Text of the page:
NZ Might Be Moving Towards a 4-Day Work Week — Thoughts?


New Zealand Prime Minister Jacinda Ardern has suggested a four-day working week in the wake of COVID-19 as a way to help the NZ workforce achieve a work/life balance and encourage local tourism.

Ardern floated the idea of a shorter work week during a Facebook Live after a visit to Rotorua. While her words have excited the nation, the PM says it’s ultimately up to employers to decide if reduced hours could work for their staff.

“I hear lots of people suggesting we should have a four-day week. Ultimately that really sits between employers and employees. But as I’ve said there’s lots of things we’ve learnt about COVID and that flexibility of people working from home, the productivity that can be driven out of that,” Ardern says.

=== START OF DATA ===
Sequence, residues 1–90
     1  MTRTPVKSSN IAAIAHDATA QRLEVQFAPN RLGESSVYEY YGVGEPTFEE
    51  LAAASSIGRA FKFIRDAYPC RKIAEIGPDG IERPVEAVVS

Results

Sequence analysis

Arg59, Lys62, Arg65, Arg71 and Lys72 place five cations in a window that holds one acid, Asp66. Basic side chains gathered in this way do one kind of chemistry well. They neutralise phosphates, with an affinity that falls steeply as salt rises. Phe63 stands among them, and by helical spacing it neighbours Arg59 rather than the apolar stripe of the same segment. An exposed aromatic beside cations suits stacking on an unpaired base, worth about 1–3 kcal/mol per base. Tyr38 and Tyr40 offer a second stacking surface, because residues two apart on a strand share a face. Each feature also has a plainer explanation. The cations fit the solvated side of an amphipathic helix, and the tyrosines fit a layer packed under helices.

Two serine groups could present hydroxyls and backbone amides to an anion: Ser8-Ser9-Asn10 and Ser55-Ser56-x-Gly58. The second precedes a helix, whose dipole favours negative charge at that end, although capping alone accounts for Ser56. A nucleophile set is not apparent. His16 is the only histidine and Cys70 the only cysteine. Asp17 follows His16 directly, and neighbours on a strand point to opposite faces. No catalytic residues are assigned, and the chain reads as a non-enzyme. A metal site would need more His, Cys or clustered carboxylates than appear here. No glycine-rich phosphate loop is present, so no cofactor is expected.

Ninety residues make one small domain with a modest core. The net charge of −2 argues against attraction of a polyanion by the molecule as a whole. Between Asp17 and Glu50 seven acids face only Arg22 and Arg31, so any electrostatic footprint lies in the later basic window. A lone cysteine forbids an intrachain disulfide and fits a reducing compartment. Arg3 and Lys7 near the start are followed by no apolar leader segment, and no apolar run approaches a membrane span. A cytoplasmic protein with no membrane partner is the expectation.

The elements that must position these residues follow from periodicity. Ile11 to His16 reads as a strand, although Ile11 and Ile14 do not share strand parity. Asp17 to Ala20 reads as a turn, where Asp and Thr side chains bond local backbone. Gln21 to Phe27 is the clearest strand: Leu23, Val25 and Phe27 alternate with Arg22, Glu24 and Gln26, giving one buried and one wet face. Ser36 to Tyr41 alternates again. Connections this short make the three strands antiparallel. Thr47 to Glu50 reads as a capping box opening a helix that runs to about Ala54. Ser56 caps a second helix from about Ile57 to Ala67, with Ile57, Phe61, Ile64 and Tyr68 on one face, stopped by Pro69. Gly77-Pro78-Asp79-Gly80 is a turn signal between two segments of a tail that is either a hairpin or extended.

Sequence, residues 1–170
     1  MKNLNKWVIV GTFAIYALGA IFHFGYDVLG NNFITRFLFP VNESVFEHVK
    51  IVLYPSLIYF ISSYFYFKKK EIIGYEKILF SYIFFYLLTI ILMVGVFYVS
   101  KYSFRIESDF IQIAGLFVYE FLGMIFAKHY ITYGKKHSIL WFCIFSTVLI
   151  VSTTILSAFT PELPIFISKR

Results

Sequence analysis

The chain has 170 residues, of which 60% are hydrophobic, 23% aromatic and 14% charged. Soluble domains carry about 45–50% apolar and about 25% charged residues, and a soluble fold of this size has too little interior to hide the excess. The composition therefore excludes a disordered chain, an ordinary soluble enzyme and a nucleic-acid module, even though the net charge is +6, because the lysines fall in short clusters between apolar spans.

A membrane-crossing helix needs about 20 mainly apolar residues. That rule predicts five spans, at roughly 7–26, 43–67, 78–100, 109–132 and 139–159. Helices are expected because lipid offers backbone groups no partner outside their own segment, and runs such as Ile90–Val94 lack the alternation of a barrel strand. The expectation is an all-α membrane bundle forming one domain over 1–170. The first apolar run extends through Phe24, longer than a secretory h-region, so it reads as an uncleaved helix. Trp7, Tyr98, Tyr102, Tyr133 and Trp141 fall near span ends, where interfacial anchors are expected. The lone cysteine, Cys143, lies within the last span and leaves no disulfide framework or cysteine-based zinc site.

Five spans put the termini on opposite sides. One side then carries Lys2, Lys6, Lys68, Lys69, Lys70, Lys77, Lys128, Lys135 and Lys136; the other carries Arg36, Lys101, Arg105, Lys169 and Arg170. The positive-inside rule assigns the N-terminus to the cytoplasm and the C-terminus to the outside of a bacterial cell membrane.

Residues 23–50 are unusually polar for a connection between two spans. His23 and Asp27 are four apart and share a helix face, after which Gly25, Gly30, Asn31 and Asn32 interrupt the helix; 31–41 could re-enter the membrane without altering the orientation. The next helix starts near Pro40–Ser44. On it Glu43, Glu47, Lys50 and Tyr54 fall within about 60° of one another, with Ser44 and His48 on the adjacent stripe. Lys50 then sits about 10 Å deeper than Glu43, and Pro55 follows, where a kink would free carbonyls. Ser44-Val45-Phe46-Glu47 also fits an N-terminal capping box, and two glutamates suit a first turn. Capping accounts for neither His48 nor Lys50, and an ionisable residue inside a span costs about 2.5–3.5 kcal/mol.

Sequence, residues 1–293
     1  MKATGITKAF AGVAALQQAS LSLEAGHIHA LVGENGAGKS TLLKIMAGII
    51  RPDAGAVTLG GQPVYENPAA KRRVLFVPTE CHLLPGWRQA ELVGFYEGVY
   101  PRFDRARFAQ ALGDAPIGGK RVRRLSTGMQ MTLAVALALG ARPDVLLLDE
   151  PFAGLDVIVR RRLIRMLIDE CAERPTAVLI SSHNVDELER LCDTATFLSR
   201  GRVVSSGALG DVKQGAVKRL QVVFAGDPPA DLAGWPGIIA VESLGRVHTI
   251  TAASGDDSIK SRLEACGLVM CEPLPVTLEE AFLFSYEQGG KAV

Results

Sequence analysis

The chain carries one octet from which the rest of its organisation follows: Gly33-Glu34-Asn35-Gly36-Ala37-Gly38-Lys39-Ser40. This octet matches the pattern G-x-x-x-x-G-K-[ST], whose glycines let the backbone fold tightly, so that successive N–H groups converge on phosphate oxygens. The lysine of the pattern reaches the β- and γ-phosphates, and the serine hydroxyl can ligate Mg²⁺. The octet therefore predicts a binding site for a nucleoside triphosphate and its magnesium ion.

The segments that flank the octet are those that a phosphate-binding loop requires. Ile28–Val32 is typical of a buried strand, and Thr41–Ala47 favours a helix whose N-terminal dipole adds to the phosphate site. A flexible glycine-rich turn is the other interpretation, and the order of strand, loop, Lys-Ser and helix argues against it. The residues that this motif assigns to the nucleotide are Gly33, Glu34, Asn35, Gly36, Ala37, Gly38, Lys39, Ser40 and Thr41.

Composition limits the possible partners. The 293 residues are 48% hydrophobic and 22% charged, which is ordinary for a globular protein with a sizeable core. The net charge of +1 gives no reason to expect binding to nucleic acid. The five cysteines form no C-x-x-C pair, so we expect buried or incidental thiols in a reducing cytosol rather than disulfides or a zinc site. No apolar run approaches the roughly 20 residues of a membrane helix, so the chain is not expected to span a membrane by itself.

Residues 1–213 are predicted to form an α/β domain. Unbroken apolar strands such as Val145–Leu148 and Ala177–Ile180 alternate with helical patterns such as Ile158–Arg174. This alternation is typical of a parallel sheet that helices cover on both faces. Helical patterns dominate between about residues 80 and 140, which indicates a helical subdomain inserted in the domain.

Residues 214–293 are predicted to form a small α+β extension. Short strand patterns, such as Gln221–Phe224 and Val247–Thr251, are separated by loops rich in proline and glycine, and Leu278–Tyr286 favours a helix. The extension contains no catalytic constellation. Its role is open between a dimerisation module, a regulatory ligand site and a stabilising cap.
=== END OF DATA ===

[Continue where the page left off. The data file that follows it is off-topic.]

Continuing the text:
“I’d really encourage people to think about that if you’re an employer and in a position to do so. To think about if that’s something that would work for their workplace because it certainly would help tourism all around the country.

“Go and see New Zealand!”, Ardern says.

Just finishing up a visit in Rotorua – thought I’d share some of the things coming through from our tourism industry…

Posted by Jacinda Ardern on Monday, 18 May 2020

Ardern also mentioned the Trans-Tasman “Bubble”, which would see borders between Australia and New Zealand open up before the rest of the world. Of course, Australians can’t wait to see this come to fruition, and it seems Ardern is doing what she can to support the idea, too.

“Australian tourists are a big part of the market here and it would be great to see that return. We’re doing what we can to support all of that work being done at the border. So, that when we’re in a position here in New Zealand, and when Australia is in a position to safely re-open borders, that we can do that.”

With borders re-opened, and a four-day work week in place, it’s predicted that New Zealanders would feel more inclined to travel further and explore their own backyards. And we happen to think this plan would work well in Australia, too.

Are you listening, Scomo?

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